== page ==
The Libyan Coast Guard is being trained under the auspices of the European Union's Mediterranean Maritime Mission (EUNAVFOR MED), known as Operation Sophia. According to the spokesperson of the European Commission, 399 members of the Libyan Coast Guard and Navy have been trained so far.

The training courses, which began in 2016 in Italy, Greece, Malta and Croatia, are among other countries. Because they take place in the form of programs, they vary in duration.

According to the European Commission, trainees receive skills such as search and rescue procedures, first aid and medical care, as well as studying international human rights law, maritime law, combating illegal traffic at sea, collecting evidence, navigation, asylum procedures and public information.

The following organizations participated in and participated in the training courses: Frontex, UNHCR, IOM, EASO, NGOs Rava Foundation, Corpo Italiano di Soccorso dell 'Ordine di Malta and CISOM.

FRONTEX – the EU Border and Coastal Protection Agency – began its participation in 2018 by training about 20 Libyan coast guards in cooperation with Italy andEU Border Assistance Mission in Libya (EUBAM), a spokesman for Frontex told Mohager News. The objective was to "improve the capacity of the Libyan civil coastguard forces in the area of ​​search and rescue and the enforcement of public law and fundamental rights". According to Frontex, "the issue of protection of fundamental rights was highlighted throughout the course of the course and was the subject of a separate lesson."

Apart from training in human rights, capacity-building and institutions, the EU also:

Support the Libyan Coast Guard bodies in the form of training, including training in the use of equipment (ie repair of existing vessels, and supply of communications and rescue equipment):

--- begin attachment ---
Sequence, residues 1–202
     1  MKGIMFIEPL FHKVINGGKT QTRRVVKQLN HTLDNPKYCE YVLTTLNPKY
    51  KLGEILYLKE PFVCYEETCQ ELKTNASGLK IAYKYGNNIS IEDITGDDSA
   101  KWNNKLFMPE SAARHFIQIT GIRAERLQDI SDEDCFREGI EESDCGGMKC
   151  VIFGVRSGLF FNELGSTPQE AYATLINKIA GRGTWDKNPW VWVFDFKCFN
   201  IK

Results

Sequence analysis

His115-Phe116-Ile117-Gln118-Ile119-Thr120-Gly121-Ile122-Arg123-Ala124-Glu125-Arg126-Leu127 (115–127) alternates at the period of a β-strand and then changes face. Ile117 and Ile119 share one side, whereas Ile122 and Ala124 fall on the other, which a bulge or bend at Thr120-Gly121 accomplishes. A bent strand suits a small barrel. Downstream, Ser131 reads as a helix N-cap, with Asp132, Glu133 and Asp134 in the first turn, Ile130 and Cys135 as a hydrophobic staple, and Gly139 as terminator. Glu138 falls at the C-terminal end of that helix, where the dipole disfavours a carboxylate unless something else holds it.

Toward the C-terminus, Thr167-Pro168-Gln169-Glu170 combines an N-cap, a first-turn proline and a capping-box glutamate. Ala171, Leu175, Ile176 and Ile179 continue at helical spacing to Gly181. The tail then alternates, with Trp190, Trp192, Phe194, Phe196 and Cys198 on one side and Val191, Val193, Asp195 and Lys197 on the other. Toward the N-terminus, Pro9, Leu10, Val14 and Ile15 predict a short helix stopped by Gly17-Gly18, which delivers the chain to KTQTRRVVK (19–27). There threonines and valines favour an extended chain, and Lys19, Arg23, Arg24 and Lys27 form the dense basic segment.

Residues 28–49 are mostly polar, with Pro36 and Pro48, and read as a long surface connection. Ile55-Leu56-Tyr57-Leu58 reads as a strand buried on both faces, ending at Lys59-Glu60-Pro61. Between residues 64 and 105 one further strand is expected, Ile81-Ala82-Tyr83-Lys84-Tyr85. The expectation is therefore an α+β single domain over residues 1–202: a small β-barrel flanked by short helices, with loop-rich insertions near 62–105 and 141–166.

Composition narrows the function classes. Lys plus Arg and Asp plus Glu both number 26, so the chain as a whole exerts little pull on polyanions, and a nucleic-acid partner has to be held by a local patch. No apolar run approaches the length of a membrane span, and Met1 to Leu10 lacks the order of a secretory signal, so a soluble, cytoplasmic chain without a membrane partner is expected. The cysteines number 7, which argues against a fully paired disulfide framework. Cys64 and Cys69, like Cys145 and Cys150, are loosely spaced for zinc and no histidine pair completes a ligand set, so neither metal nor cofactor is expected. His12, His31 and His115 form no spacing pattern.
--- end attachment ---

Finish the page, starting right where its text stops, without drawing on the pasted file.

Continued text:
Establishment of "core operation rooms" for the Coast Guard in Tripoli.

But according to Human Rights Watch report Published in January Europe's support to the Libyan Coast Guard has contributed to an increase in the number of arbitrary detentions. Two years after the training program, Leaked reports showed Also, the Libyan Coast Guard was unable to manage its own search and rescue activities.

While the Sofia operation has focused on fighting smuggling gangs off the coast of Libya, it has been credited with saving more than 45,000 people at sea since it began in 2015. However, naval vessels have not been part of the Sofia operation since the beginning Due to the failure of member states to agree on how rescue efforts should be shared among them. The operation is currently limited to air surveillance and training of the Libyan Coast Guard, which means that Operation Sophia is no longer able to rescue migrants vulnerable to drowning in the sea.

Who examines the Libyan Coast Guard background?

According to the European Commission, "the personnel eligible for training are subject to a very thorough and thorough examination", conducted by both the Coast Guard, the Libyan Navy, the Sofia operation, EU Member States, Europol Police and INTERPOL.

The European Commission said that the aim of this process is to contribute to "the effective operation of these forces and entities, in line with international norms and standards, particularly with respect to respect for the rule of law and human rights". "No one from the Coast Guard is on the UN sanctions list."

Frontex also told Mahajar News that it was "not involved in the selection process."

Mittelmeer: ​​Rettung von Flüchtlingen in Seenot (picture-alliance / L. Schmid / SOS Mediterranee)

The boat drowns, only the swimmer can survive.

Who is watching the Libyan Coast Guard?

In 2017, the European Commission established a "long-term monitoring mechanism for the efficient training of the Libyan Coast Guard and Navy" with a focus on "a better understanding of their ability to perform their mission and monitor their overall conduct."